fme03_Gerard J. Holzmann_Trends in Software Verification

fme03_Gerard J. Holzmann_Trends in Software Verification -...

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Tr ends in SoftwareVerification Gerard J. Holzmann JPL Laboratory for Reliable Software California Institute of Technology 4800 Oak Grove Drive Pasadena, CA 91006 Abstract. With the steady increase in computational power of general purpose computers, our ability to analyze routine software artifacts is also steadily increasing. Asaresult, we are witnessing a shift in emphasis from the verifica- tion of abstract hand-built models of code, towards the direct verification of implementation leve lcode. This change in emphasis poses a newset of chal- lenges in software verification. Weexplore some of them in this paper. 1. Introduction In the last fewyears, we have seen a push towards the direct application of formal ver- ification techniques to implementation leve lcode, instead of to manually constructed high-leve lmodels of code. Although the direct application of, for instance, model checking techniques to implementation leve lcode can significantly increase the com- putational requirements for a verification, the promise of this newapproach is that it can eliminate the need for expert model builders and can place the power of auto- mated verification techniques where it belongs: in the hands of programmers. There are twogeneral approaches to the software verification problem in this form. •Mapping the implementation leve ldescription of the software artifact mechanically to the description language of an existing verification tool. The application is rewritten to match the requirements of a givenverification tool. •Dev eloping a verification tool that can work directly on implementation level descriptions. The verification tool is rewritten to match the requirements of a givenimplementation language. Examples of projects pursuing the first method include the first Java Pathfinder tool [5], the Bandera toolset [4], and the FeaVer toolset 1 [8], which all target the SPIN model checker 2 [7,10] as the main verification engine. Examples of projects pursuing the second method include the second version of the Java Pathfinder tool [2], Microsoft’sBebop toolset [1], and the Blast tool [6]. Of the six projects mentioned, three target the Java programming language ([2,4,5]),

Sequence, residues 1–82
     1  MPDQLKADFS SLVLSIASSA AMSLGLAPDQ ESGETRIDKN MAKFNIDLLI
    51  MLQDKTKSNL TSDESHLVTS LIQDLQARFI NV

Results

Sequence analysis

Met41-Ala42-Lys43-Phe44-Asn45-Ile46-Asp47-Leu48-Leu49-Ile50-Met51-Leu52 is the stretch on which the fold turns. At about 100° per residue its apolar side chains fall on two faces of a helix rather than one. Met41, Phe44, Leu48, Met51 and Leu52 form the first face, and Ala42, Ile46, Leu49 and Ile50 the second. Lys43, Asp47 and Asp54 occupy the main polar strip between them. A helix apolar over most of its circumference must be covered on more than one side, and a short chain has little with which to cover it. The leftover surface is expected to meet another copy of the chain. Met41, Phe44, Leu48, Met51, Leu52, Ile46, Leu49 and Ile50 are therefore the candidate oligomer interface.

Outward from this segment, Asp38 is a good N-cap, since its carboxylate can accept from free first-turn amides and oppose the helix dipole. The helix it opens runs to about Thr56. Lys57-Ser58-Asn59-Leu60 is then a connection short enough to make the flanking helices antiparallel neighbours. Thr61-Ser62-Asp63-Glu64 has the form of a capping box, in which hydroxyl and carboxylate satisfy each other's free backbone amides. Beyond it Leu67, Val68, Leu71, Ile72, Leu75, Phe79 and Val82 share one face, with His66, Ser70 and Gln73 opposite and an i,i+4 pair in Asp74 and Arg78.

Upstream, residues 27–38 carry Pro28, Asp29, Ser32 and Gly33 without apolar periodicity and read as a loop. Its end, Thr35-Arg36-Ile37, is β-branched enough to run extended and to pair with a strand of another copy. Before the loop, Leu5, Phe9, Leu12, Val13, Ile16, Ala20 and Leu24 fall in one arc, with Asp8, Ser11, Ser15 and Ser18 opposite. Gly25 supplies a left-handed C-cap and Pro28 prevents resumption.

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verification process. The second method, on the other hand, makes it possible to leverage the efforts that have already been spent in the creation of the software arti- facts and to trust their accuracy, rather than the accuracyofanewly developed transla- tor .Inother words: the first method tries to secure that the application is verified cor- rectly
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This note was uploaded on 04/18/2011 for the course COMPUTER S 1111 taught by Professor Name during the Spring '05 term at MIT.

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fme03_Gerard J. Holzmann_Trends in Software Verification -...

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